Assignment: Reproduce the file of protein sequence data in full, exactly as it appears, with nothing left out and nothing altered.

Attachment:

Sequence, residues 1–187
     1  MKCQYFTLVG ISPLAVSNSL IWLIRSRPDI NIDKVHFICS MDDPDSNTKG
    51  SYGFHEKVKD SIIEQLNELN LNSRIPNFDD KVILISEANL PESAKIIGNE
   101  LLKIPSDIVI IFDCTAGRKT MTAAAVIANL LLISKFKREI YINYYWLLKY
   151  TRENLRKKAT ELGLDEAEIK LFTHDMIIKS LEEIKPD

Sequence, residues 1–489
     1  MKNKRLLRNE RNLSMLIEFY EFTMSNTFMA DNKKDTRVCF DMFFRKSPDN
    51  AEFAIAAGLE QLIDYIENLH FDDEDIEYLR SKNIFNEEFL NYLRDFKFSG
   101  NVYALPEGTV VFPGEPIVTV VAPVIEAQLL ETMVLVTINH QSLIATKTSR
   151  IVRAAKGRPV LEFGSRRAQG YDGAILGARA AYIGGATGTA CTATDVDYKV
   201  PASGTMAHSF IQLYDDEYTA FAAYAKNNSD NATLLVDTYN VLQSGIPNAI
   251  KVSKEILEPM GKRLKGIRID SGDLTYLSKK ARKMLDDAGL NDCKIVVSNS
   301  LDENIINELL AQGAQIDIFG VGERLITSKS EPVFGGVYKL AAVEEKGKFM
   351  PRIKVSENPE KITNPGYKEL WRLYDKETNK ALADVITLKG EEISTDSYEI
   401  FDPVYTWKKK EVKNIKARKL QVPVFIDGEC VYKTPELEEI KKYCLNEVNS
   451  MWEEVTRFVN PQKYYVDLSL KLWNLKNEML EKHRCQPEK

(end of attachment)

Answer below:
Sequence, residues 1–187
     1  MKCQYFTLVG ISPLAVSNSL IWLIRSRPDI NIDKVHFICS MDDPDSNTKG
    51  SYGFHEKVKD SIIEQLNELN LNSRIPNFDD KVILISEANL PESAKIIGNE
   101  LLKIPSDIVI IFDCTAGRKT MTAAAVIANL LLISKFKREI YINYYWLLKY
   151  TRENLRKKAT ELGLDEAEIK LFTHDMIIKS LEEIKPD

Sequence, residues 1–489
     1  MKNKRLLRNE RNLSMLIEFY EFTMSNTFMA DNKKDTRVCF DMFFRKSPDN
    51  AEFAIAAGLE QLIDYIENLH FDDEDIEYLR SKNIFNEEFL NYLRDFKFSG
   101  NVYALPEGTV VFPGEPIVTV VAPVIEAQLL ETMVLVTINH QSLIATKTSR
   151  IVRAAKGRPV LEFGSRRAQG YDGAILGARA AYIGGATGTA CTATDVDYKV
   201  PASGTMAHSF IQLYDDEYTA FAAYAKNNSD NATLLVDTYN VLQSGIPNAI
   251  KVSKEILEPM GKRLKGIRID SGDLTYLSKK ARKMLDDAGL NDCKIVVSNS
   301  LDENIINELL AQGAQIDIFG VGERLITSKS EPVFGGVYKL AAVEEKGKFM
   351  PRIKVSENPE KITNPGYKEL WRLYDKETNK ALADVITLKG EEISTDSYEI
   401  FDPVYTWKKK EVKNIKARKL QVPVFIDGEC VYKTPELEEI KKYCLNEVNS
   451  MWEEVTRFVN PQKYYVDLSL KLWNLKNEML EKHRCQPEK